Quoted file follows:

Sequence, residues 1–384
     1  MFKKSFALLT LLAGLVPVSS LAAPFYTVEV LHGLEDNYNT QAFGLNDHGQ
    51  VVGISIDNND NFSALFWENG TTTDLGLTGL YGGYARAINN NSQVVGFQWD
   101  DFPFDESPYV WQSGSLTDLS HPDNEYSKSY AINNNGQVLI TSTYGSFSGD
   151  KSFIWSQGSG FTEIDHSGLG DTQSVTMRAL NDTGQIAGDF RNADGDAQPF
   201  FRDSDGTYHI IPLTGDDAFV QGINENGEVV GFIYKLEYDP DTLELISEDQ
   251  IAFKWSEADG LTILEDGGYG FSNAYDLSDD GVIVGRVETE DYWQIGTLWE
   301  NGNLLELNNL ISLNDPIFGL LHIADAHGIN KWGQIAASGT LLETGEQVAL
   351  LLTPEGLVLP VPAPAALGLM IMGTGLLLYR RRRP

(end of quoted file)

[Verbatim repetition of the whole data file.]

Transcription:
Sequence, residues 1–384
     1  MFKKSFALLT LLAGLVPVSS LAAPFYTVEV LHGLEDNYNT QAFGLNDHGQ
    51  VVGISIDNND NFSALFWENG TTTDLGLTGL YGGYARAINN NSQVVGFQWD
   101  DFPFDESPYV WQSGSLTDLS HPDNEYSKSY AINNNGQVLI TSTYGSFSGD
   151  KSFIWSQGSG FTEIDHSGLG DTQSVTMRAL NDTGQIAGDF RNADGDAQPF
   201  FRDSDGTYHI IPLTGDDAFV QGINENGEVV GFIYKLEYDP DTLELISEDQ
   251  IAFKWSEADG LTILEDGGYG FSNAYDLSDD GVIVGRVETE DYWQIGTLWE
   301  NGNLLELNNL ISLNDPIFGL LHIADAHGIN KWGQIAASGT LLETGEQVAL
   351  LLTPEGLVLP VPAPAALGLM IMGTGLLLYR RRRP